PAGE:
Can HeidiSongs be used as a complete math or language arts curriculum? This question is asked from time to time by both teachers and homeschooling parents, and the answer is both yes, and no! Most of the materials that you would need are there, but a basic teaching manual is not. This may not be a problem for an experienced teacher, but it may be a big hurdle for a new one or a homeschooling mom who with no experience in the field of education.
However, I have written many blog posts that can guide you along as you go. Plus, I’ve written a Kindergarten Pacing Guide and posted it as a free download here. (See the sample picture below.) If you use the Pacing Guide to tell you what to teach, and use the related blog posts to help you implement the curriculum, you probably won’t have much trouble! Read on below for more information.
I am beginning to teach Kindergarten in a parochial school this year. Superkids was used by the previous K & gr 1 & 2 teacher, but not anymore. I am basically starting from scratch. I have been looking at HeidiSongs and would like to use them. It is possible to just use Heidi’s program without any curriculum? What would you suggest? Should I get the whole Kindergarten set offered? We do have the Everyday math program, but that’s it. I am feeling overwhelmed.
First of all, let me say that I’m sorry that you are feeling overwhelmed! Been there, done that! Check out the links below to some key blog posts on how to use my materials.
Here are some links to blog posts for teaching letters and sounds with my materials.
Here are some links to blog posts for teaching numbers and shapes, and counting skills, etc., with my materials.
Here are some links to blog posts on teaching kids to sound out words with my materials.
HeidiSongs can be used as a basic curriculum, but there will definitely be some gaps.
The main thing that is missing is that you will need some BOOKS for your students to learn to read from (easy readers.) Perhaps there are some leftover from the SuperKids series that you can use? Otherwise, you may be able to use some books from the Scholastic Book club or something like that. I supplemented our district books quite a bit with the “Bob Books” to help practice reading stories with CVC words in them. There is now a Bob Books Sight Word set of books, too, although I haven’t seen it except online. My kids REALLY loved the Biscuit Phonics Fun set of books, too. They actually liked them better than the Bob Books, but I liked having both sets to pull from.
In both cases, I ordered multiple sets of the books (mostly with bonus points and coupons from the Scholastic book club) and then had one book per child for reading groups. Also, if you order a lot from Scholastic, there is usually a ten dollar certificate in each order for the teacher to use, as long as the order is a minimum of twenty dollars. I often took that ten dollars and spent it on book sets like the ones I mentioned above, or on multiple copies of whatever books they were selling for a dollar each that month, which is quite common for Scholastic. Just check the reading level on the books before you buy to make sure that they will be easy enough.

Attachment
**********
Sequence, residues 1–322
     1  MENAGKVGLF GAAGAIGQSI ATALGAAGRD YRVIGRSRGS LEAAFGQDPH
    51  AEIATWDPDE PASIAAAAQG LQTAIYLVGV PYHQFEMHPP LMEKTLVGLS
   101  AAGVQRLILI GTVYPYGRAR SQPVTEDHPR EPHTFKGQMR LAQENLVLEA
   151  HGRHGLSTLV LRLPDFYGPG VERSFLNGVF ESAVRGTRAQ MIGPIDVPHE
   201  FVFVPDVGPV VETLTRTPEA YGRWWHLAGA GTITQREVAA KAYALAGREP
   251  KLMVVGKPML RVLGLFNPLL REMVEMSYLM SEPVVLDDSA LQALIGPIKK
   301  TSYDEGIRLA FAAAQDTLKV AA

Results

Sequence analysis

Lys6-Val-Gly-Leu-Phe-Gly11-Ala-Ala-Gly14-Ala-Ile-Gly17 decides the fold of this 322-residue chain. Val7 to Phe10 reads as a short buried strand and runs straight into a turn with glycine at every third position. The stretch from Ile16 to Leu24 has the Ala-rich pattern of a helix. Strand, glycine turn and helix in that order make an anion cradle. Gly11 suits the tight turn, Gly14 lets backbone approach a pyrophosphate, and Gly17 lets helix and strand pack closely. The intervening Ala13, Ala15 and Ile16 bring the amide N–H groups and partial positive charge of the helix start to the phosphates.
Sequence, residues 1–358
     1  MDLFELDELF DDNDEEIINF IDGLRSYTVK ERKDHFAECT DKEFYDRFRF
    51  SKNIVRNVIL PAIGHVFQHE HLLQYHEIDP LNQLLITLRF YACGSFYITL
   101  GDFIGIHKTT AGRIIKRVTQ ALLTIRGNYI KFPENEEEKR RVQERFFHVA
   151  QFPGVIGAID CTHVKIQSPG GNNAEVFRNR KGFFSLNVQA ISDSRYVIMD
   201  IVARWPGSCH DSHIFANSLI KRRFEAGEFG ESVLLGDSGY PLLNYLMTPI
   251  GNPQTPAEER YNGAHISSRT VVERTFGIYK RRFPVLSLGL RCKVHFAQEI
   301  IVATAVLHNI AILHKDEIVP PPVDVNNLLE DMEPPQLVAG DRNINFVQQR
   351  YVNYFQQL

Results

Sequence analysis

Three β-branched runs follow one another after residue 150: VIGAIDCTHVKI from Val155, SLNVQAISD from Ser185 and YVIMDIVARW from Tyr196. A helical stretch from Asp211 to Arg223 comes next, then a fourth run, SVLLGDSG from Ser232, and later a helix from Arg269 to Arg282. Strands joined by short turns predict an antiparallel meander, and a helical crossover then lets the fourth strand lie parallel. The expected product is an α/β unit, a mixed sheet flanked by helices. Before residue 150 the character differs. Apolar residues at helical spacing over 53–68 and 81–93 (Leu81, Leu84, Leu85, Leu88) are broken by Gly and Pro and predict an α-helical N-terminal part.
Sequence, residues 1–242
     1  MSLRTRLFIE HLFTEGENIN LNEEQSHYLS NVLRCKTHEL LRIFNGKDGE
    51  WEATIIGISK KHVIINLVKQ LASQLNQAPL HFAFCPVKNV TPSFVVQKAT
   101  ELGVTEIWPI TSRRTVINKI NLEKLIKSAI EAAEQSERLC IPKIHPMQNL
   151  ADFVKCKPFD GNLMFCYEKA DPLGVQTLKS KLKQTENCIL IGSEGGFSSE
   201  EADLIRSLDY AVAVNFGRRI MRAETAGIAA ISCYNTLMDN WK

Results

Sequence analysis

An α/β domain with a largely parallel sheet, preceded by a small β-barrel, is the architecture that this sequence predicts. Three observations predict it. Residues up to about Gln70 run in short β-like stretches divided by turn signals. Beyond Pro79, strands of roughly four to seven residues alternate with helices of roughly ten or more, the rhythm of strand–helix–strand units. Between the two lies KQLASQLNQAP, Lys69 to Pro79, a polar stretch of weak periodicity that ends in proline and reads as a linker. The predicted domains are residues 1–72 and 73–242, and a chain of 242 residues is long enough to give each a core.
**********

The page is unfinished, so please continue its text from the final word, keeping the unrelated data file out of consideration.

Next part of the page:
They even have some good non-fiction sets of books to purchase as well. I got this set of Guided Science Readers and they are just perfect for Kindergarten early readers!
Also, you will need some kind of phonemic awareness program to follow. I used Michael Heggerty’s program. It’s simple to use and follow, although the kids do get bored with it after a while. However, it does cover EVERYTHING and the children do learn with it. And it takes no prep work at all. The kindergarten version is $75.
The other thing you will need to do is teach writing, and I really don’t have explicit instructions on that in my materials. I do have some good blog posts on it, though.
Once you get started, it is really just a matter of continuing on by giving them a new topic to write on each day, and hopefully have them include whatever sight words you are learning into the sentences that they are learning to write. I had my kids first write a sentence of my choice and then after that, they could write one of their own. Example: “I see a ____.” (In the blank they would write the name of a farm animal that they found on a word wall, because our theme was farm animals.) Everyone would need to write this sentence first. THEN, they could write something else, such as “It is brown.” or “I like to ride.” Or, “They are furry.” Etc.
Okay! I hope that this helps a bit and you are not so overwhelmed anymore!
Let me know if you have any more questions.